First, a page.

In tunnel mode ESP, traffic can successfully pass NAT because the entire original packet, including both IP and Layer 4 information, is encapsulated and therefore untouched by NAT. Because the IP and Layer 4 information and checksums are unaltered in tunnel mode ESP, after the packet is decrypted it will still pass its TCP integrity check. However, even though ESP traffic in tunnel mode can pass through NAT, you may still encounter NAT-related problems when negotiating IPSec connection parameters. For instance, one-to-many NAT (frequently referred to as Port Address Translation [PAT]) will rewrite the source port of an outbound IKE packet, causing it not to have the expected value of 500, and resulting in the failure to re-key IPSec session parameters.1

One great point of contention is the authentication capabilities of ESP. ESP has authentication services that can be used, but the hash that is generated is based on the entire packet, with the exception of the IP header and authentication trailer. This is good in that any changes that might be made to the IP header (for example, by NAT) do not invalidate ESP's ICV value. However, this lack of IP header authentication is upsetting to some because it prevents the guarantee of identifying the originating IP address. In most implementations, however, the successful authentication of the packet's payload, as implemented by ESP, can be considered adequate proof that the packet actually came from the expected source.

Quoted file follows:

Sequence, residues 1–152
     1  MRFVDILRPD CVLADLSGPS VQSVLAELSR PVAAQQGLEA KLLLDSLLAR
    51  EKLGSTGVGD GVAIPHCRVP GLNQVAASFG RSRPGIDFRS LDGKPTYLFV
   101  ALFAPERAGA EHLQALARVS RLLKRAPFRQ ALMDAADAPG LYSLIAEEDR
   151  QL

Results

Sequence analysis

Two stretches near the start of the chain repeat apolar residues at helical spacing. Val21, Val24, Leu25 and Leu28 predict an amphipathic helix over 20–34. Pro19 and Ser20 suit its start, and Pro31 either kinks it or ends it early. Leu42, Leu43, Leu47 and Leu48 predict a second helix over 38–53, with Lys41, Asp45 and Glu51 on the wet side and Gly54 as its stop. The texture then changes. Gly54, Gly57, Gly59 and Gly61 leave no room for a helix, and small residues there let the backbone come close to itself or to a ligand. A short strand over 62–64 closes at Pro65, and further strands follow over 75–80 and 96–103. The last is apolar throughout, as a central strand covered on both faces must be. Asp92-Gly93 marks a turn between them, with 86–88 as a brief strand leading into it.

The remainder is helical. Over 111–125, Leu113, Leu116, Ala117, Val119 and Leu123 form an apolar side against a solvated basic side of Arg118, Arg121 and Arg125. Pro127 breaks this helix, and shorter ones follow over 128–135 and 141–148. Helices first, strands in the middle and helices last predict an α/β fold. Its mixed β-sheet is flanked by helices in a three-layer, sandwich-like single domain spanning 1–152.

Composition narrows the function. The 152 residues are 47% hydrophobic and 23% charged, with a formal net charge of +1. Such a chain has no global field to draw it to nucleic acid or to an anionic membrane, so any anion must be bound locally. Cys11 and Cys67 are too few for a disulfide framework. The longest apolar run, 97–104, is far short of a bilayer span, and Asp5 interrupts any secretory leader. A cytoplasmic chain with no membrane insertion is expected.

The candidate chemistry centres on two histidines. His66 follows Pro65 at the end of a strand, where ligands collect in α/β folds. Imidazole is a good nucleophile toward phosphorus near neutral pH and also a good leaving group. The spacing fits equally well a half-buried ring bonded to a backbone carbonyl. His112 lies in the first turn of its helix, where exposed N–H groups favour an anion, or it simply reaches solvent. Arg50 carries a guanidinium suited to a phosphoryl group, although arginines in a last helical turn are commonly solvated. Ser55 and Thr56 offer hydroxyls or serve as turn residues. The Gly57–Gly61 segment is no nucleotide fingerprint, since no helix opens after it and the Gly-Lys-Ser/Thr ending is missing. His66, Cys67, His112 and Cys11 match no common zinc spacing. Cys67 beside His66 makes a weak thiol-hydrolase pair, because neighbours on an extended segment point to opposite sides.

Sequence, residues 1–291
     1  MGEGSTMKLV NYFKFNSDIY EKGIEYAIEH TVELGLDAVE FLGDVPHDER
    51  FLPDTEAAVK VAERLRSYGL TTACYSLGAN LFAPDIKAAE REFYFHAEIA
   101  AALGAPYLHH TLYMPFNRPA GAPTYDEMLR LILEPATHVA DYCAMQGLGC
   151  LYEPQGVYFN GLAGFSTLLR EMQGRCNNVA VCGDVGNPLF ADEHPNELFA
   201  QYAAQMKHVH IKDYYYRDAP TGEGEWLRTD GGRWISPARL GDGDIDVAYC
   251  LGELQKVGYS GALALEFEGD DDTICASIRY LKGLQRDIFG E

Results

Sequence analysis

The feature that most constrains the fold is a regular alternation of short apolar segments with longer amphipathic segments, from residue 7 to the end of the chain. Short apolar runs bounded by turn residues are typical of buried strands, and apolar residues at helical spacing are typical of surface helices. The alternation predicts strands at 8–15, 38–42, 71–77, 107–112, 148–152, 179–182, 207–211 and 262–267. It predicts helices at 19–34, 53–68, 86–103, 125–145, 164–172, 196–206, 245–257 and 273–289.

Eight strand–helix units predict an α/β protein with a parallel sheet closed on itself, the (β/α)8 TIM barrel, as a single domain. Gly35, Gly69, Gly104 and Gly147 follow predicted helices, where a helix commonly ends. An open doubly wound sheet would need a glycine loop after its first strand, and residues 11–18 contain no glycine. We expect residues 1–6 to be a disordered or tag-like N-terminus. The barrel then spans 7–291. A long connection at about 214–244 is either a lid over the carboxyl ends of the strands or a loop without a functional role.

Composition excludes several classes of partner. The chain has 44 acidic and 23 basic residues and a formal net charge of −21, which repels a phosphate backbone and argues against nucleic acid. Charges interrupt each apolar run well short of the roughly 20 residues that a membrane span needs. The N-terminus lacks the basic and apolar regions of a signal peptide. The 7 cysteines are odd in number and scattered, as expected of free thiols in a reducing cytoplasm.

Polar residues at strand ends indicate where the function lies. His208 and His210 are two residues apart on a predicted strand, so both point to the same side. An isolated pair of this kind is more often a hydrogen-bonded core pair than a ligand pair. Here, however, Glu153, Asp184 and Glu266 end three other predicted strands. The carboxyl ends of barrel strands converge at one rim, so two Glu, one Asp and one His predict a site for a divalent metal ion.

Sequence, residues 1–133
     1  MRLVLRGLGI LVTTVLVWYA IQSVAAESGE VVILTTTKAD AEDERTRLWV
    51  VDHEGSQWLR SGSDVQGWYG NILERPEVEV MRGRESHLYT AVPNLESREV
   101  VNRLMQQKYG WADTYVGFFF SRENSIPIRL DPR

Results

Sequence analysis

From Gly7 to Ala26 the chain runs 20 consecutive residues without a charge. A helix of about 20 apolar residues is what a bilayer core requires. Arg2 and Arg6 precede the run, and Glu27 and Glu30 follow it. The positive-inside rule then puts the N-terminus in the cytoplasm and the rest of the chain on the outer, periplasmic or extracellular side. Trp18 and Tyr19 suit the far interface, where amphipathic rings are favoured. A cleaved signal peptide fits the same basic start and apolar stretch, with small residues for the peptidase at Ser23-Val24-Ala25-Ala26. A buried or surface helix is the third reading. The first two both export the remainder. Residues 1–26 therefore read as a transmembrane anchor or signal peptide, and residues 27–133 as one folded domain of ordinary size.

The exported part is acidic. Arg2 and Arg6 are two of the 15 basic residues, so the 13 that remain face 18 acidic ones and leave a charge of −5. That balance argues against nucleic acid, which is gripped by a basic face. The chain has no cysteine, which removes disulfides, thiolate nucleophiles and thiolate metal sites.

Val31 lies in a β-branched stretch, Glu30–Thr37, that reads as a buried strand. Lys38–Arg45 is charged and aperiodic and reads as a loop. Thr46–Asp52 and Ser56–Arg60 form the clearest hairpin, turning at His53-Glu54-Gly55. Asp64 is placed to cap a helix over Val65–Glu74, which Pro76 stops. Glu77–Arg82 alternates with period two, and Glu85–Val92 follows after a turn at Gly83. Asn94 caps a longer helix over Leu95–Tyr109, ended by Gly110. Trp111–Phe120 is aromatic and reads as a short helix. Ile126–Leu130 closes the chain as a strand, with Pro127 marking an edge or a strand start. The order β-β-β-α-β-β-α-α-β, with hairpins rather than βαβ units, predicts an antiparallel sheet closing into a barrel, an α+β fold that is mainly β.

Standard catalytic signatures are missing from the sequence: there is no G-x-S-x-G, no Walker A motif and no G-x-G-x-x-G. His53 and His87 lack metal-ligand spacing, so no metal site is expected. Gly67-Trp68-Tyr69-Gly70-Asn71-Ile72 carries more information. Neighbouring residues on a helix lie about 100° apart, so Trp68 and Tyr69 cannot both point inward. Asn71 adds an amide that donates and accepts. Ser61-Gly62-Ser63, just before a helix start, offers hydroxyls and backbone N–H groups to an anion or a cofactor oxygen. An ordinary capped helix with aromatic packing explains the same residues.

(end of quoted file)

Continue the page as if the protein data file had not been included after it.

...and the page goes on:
Now that we have discussed the ESP protocol, let's take a closer look at the structure of its packet header (see Figure 7.4).

Figure 7.4. An ESP packet header is composed of several fields.


Here's an explanation of the individual fields in the ESP packet header:

  • The SPI is the first field in this packet.